Filed Under:Life Insurance, Life Products

AIG Gobbled Up Maiden Securities

(AP Photos/Mark Lennihan)
(AP Photos/Mark Lennihan)

American International Group has been an aggressive purchaser of securities it formerly owned that were held in facilities created by the Federal Reserve Bank of New York.

During its conference call with analysts Friday, AIG officials said the company has purchased a total of $9.9 billion of securities held in the Maiden Lane II and III portfolios.

Robert Benmosche, AIG president and CEO, and David Herzog, chief financial officer, said AIG has participated in most of the 12 auctions the Fed bank has used to sell the securities and that it has purchased $7.1 billion of those securities in auctions held in July.

The average yield of the bonds was 9.7%, according to the PowerPoint displayed during the conference call.

“We feel these are very good for this company on the yield basis going forward, especially in this lower interest rate environment,” Herzog said.

The Fed bank has said the securities sold in July were bought for an average 56 percent of face value.

Herzog said AIG was a winning bidder at a third of the auctions and that demand for the bonds are aggressive.

Securities held in the Maiden Lane II facilities were mortgage-backed securities originally owned by AIG’s life insurance subsidiaries.

This facility was closed out in April.

Amongst the securities held in this portfolio were $600 million in the first tranche of mortgage-backed securities issued by Freddie Mac, Benmosche and Herzog said.

Maiden Lane III originally contained $62 billion in face value of collateralized debt obligations (CDO) backed by mortgage-backed securities of various grades.

The Fed bank has said it has so far sold CDOs from Maiden Lane III with a total face value of roughly $39 billion.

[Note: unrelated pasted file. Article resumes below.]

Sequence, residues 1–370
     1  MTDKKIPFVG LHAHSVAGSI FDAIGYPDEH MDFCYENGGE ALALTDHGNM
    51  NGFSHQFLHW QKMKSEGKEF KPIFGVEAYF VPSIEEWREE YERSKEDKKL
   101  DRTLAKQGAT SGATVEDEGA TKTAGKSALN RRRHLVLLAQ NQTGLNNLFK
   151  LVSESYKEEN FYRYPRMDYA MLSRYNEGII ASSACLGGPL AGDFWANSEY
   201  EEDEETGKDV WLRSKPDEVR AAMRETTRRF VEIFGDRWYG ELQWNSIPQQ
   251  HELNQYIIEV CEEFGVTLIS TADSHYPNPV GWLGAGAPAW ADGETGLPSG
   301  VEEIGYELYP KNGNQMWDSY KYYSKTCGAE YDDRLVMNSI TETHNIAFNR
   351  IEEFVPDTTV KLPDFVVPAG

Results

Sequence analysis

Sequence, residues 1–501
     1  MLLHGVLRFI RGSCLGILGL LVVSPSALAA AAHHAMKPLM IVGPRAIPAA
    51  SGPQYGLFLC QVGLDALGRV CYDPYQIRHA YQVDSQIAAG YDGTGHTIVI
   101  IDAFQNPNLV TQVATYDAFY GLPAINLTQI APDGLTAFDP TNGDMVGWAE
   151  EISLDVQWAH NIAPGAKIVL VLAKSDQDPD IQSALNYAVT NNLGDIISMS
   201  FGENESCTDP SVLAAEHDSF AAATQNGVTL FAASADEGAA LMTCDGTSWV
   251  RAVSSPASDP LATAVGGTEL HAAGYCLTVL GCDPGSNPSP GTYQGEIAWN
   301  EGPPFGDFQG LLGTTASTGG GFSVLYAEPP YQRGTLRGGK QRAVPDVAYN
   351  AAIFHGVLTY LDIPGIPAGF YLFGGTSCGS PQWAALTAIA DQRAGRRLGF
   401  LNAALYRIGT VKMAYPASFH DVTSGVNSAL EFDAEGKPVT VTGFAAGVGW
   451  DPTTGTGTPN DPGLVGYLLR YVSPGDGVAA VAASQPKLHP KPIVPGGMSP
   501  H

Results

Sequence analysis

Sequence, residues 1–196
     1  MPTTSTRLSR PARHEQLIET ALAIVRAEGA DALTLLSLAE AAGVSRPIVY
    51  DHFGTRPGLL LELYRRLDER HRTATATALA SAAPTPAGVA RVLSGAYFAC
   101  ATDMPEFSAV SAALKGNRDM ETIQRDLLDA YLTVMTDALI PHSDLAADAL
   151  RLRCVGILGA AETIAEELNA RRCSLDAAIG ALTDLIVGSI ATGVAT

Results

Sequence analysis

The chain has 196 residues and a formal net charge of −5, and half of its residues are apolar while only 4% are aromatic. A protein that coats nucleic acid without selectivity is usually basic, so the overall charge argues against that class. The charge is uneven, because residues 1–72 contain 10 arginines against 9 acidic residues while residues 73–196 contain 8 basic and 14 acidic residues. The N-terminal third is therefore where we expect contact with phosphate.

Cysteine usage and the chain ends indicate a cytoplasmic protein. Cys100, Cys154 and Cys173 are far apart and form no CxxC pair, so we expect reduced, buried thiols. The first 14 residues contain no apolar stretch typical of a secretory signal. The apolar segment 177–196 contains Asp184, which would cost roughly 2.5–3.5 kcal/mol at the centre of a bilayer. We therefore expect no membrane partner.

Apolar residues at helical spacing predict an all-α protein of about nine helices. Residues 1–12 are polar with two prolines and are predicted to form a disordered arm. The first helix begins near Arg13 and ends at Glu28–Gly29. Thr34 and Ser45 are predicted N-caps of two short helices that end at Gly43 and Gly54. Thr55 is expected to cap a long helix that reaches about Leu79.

According to a power presentation during the conference call, the average yield of the bonds purchased by AIG was 9.7%.

The securities are being held at both the corporate level and at the Chartis and SunAmerica operating life subsidiaries, AIG officials said.

They were established by the Fed to provide cash to AIG as it worked its way through a financial crisis starting in 2008.

Maiden Lane contained bonds AIG was forced to accept in exchange for cancelling credit default swaps (CDS) the company sold mainly to banks as insurance on the value of so-called “synthetic CDOs” they had purchased.

AIG had provided $30 billion in cash deducted from earnings to back the CDS as its credit ratings dropped. In order to finance the repurchase of the CDOs, the Fed provided $24. 4 billion in cash and AIG borrowed $5 billion.

Under the deal, once the Fed and AIG were paid back, the Fed would get two-thirds of the remaining proceeds, and AIG one-third. AIG would also receive accrued interest on the securities. As of that date, AIG indicated it had received $427 million reflecting its one-third stake in residual proceeds beyond the loan amount.

Last week, analysts John M. Nadel, Dan Farrell, Alex Levine and Nitin Chhabra of Sterne Agee said in an investor’s note that they now estimate that AIG could receive up to $9.3 billion as its share of proceeds of sale of securities held in the Maiden Lane III facility.

Earlier, the analysts had predicted that the total proceeds of the sale of assets from Maiden Lane III to AIG would be in the range of $7.1 billion.


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Nichole Morford

Nichole Morford
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